7. I do like to learn and do my own work, but when I fail, I go for help.

    I bought a cheap green fiber optic front sight and stuck it on my XD. My factory sight was loose anyway. Turns out, I have the only XD in American with a loose front sight groove. So after installing it myself, it pops out at the range. The range has a gunsmith onsite, so I walked over and handed it to him. He had to bang some grooves into the front site dovetail to get the sight to bind and stay. He worked on it hard for 10 minutes while I waited. When he handed me the gun back, I asked, “How Much”. He shrugged and said. $5

    If your in East Fort Worth, stop by Winchester Gallery. Nice store, range and gunsmith.

    • I have to agree. They checked out a surplus M1 carbine for me (headspace and safe operation) and refused payment. They simply asked that I take care of the gun as it was the nicest they had seen in over a decade. This for a walk in they had never seen before.

  8. the Local gun smith i use is slow but Great, granted he might qualify as your high end mail in gunsmith Mr Hatfield does great work but 3-4 months is a hell of a long time to go without a gun but that is why you own multiple guns so you can enjoy the others while one is getting worked on. their website is

    • Hatfields is way overpriced. A trigger job and a safety install cost almost $400 for a 1911. That is ridiculous by almost any standard. That should be around $150-$200. And the wait is more near 6 months. I’d rather either do it myself, or ship to Wilson Combat (or some other well knowns).

    • I ordered the staker tool and it showed up yesterday. Ordered the sight from somewhere else, still waiting on it. Thanks for the links.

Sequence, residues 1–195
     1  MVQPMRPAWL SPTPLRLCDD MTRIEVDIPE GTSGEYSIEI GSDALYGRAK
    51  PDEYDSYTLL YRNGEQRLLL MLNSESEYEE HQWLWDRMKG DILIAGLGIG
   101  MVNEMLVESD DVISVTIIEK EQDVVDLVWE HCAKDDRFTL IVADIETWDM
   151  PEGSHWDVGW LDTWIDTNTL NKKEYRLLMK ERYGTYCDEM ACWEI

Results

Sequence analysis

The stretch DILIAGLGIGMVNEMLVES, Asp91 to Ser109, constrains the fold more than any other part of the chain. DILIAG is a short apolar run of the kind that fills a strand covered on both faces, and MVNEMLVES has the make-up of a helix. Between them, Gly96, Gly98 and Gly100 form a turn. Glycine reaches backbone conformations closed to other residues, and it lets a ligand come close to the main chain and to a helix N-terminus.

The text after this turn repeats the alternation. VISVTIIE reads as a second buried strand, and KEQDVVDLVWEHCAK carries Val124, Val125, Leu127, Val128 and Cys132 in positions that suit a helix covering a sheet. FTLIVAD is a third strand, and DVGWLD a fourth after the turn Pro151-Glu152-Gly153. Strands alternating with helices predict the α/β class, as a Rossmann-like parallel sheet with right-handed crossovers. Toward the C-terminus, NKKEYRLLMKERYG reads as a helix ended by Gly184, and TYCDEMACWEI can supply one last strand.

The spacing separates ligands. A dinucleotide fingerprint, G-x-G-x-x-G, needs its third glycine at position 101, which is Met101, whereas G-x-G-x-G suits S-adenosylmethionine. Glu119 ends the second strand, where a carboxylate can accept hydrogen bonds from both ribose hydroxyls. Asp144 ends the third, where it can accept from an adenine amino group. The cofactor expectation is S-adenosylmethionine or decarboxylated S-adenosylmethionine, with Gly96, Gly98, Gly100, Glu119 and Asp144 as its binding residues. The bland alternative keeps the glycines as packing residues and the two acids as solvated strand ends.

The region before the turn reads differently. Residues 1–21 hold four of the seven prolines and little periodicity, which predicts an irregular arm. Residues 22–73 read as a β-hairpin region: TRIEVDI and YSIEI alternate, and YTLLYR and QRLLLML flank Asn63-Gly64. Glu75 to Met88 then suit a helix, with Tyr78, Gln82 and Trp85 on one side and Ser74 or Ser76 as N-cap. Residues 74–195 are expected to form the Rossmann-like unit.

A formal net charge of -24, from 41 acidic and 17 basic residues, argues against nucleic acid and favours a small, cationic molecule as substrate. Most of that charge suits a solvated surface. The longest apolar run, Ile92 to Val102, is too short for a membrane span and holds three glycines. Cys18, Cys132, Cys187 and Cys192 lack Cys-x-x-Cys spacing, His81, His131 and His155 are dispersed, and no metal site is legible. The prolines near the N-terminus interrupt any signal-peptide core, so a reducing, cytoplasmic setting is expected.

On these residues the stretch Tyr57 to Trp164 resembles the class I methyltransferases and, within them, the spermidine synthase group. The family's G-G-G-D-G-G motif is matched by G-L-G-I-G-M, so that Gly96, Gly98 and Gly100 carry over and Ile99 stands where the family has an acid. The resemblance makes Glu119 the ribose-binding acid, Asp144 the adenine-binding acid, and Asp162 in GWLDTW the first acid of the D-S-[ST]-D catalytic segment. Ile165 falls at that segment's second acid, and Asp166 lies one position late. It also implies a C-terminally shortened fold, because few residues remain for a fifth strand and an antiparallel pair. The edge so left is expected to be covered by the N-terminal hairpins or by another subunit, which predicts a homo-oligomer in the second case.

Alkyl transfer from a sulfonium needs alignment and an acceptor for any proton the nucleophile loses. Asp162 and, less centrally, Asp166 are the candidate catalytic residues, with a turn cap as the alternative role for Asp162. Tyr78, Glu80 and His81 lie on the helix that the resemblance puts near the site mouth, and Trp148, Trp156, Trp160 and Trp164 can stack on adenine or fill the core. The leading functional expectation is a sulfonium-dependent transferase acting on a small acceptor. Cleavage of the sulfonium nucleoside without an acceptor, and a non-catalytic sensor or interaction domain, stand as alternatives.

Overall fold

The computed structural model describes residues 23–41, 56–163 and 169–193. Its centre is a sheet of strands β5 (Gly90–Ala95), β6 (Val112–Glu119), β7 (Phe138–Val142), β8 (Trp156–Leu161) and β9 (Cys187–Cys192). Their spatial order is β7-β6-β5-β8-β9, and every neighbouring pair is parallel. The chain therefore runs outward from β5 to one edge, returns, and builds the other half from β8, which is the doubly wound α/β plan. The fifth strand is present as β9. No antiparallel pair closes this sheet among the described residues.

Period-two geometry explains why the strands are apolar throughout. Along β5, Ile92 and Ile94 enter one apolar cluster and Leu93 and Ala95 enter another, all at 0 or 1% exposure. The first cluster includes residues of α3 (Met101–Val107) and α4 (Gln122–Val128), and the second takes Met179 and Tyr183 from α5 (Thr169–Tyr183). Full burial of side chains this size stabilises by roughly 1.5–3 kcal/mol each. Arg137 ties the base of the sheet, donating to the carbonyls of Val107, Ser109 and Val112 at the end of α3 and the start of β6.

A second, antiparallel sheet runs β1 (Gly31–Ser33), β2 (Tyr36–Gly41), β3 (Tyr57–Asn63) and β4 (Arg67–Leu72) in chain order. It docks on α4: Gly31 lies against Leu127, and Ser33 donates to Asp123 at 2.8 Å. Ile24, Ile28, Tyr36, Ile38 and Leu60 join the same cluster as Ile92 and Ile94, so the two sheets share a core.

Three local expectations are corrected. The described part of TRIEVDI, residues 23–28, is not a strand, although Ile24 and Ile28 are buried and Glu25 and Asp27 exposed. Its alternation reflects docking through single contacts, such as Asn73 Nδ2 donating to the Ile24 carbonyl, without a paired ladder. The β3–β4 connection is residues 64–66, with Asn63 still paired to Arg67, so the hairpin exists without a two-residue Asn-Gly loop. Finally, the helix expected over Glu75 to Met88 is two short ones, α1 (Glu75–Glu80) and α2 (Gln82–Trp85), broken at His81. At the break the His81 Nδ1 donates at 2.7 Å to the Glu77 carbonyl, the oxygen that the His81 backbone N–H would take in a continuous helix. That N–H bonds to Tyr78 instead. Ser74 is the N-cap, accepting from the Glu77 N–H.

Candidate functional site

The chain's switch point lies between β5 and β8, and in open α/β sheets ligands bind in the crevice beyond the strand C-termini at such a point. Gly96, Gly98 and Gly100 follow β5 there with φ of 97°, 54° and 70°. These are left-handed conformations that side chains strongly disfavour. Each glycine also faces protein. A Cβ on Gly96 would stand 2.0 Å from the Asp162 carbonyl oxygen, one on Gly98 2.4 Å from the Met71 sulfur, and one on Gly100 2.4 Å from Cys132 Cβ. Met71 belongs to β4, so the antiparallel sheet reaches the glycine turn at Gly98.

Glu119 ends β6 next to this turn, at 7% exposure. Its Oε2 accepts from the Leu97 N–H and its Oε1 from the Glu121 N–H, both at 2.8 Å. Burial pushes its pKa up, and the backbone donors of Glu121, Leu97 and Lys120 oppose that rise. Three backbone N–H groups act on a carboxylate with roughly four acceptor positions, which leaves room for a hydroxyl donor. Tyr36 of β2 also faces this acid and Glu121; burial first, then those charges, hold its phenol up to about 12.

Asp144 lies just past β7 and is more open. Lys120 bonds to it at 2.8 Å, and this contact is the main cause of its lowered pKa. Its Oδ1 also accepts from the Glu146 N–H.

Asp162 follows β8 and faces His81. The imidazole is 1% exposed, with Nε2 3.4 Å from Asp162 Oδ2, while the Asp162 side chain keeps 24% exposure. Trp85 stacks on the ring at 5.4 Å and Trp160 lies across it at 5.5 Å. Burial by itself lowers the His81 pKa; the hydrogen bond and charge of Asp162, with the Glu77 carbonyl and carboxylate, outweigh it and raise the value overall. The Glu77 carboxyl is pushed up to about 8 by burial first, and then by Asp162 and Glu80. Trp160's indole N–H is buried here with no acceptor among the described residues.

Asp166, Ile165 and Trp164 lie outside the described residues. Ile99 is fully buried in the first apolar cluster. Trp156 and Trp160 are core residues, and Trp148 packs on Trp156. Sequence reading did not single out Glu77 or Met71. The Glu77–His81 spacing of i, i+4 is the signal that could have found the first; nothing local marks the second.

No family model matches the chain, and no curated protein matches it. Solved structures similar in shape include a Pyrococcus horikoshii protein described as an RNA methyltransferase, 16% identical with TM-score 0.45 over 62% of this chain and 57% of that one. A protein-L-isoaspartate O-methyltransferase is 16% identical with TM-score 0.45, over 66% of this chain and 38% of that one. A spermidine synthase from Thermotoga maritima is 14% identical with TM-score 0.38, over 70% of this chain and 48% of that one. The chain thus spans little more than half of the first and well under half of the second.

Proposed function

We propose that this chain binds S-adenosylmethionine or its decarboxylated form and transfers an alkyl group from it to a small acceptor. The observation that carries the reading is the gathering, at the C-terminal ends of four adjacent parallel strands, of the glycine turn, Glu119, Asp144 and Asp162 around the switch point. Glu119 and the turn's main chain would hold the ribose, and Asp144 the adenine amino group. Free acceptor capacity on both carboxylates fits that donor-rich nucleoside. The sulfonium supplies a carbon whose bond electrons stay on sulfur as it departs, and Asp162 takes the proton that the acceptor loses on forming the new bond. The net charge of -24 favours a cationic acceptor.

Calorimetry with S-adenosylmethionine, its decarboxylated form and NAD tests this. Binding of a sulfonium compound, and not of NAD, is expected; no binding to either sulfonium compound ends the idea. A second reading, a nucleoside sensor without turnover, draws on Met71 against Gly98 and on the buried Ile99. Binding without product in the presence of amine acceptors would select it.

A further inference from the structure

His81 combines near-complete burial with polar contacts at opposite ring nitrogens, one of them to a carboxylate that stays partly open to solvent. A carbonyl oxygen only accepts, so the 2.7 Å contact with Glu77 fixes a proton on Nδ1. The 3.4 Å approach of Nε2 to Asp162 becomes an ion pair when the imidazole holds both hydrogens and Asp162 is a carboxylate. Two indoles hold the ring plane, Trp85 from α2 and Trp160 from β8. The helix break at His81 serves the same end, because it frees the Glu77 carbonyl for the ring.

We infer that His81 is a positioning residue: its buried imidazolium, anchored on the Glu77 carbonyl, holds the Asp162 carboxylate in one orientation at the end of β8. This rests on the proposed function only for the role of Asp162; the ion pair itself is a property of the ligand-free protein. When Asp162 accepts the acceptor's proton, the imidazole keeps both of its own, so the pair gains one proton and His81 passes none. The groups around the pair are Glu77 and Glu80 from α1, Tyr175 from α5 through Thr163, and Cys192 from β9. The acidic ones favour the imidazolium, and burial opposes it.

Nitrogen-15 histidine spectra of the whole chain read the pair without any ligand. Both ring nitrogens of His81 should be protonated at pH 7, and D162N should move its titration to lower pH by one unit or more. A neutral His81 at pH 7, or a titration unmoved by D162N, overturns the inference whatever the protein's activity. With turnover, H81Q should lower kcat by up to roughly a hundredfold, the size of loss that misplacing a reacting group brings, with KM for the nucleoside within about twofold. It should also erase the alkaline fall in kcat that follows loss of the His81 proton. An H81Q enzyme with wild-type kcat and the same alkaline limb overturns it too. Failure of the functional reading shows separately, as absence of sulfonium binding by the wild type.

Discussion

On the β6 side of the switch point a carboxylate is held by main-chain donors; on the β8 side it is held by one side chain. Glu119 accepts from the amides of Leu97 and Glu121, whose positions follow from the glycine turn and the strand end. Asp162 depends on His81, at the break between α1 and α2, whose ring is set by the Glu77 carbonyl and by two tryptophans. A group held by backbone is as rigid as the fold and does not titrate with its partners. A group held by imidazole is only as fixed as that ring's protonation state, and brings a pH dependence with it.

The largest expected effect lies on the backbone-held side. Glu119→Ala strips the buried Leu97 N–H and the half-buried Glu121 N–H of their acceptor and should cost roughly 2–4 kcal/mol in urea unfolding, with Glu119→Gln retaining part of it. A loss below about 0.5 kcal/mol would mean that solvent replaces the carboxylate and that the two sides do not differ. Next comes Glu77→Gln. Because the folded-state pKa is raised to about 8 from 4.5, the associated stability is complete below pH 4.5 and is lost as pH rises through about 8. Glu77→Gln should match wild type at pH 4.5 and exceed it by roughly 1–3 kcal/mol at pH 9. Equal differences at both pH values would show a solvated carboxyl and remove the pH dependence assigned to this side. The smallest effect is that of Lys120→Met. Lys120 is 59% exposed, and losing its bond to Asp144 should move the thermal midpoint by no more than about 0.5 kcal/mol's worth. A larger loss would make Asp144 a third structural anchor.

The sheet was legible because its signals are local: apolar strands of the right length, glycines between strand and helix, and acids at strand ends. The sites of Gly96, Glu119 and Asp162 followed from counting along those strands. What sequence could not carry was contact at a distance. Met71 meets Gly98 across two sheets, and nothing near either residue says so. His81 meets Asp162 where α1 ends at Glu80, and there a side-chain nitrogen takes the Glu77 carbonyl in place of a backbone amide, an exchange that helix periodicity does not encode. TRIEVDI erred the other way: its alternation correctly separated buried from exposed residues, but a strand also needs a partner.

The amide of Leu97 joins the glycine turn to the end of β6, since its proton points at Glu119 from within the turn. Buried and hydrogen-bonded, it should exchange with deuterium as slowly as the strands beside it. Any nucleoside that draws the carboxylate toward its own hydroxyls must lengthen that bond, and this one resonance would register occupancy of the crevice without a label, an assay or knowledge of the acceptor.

• I order from Brownell’s regularly. Their customer service is great, they ship fast and they have most everything. Reading their catalog will cause you to plan all kinds of projects.

        Midway has lots of gunsmith type stuff also.

        The Kuhnhausen books (there are 2 volumes) on the 1911 cover everything and are a help if you do much on the gun. I’ve built 1 from parts and another starting with an RIA “tactical”.

        Glad I could help!

  9. I was visiting the gunsmith brother of a friend about a custom 300 win mag, when he pulled a $5000 custom target rifle out of the cabinet, looks real close at the barrel, pulls out a 2′ length of pine 2×4 and whales on the bottom of the barrel for fifteen seconds. Looks real close at it again, puts it back in the safe, and continues the conversation as if nothing happened.

      • He is in his 60s and nobody is really sure whether he is senile or not, and his ‘shop’ looks like someone decorated it with a barrel-scope-manual-catalog-rem oil-machining oil bomb. So I’m not totally convinced.

  10. My local god-like gunsmith is retiring next month. This is the man who took the trigger on my .32NAA from over 12lbs to 6, shortened the pull from all week long to .4″ and the reset from even longer (Well it seemed that way) to .3″. He also smoothed the feed ramp and tuned the triggers on my PX4s. I was hoping he would be the one I took my Sigs to when I buy them.

    Now I have to find another ‘smith. I am not looking forward to the hunt.

  11. Jeff doesn’t have a website, but call him and tell him I sent you. The guy does top notch work. He’s does some custom machining, sights, and used to build competition guns for a hometown friend of mine.

    Hill Country Arms, Inc.
    1013 Sidney Baker
    Kerrville, TX 78028

    While he is a little far away, Kerrville is a nice place to visit. Or you could have your local FFL ship to him.

  12. First Impression: My Mossberg 500 broke its tang safety button. I took it to a gunsmith in Vista, CA and picked it up a week later. The safety was fixed and the bill was $30. I was happy.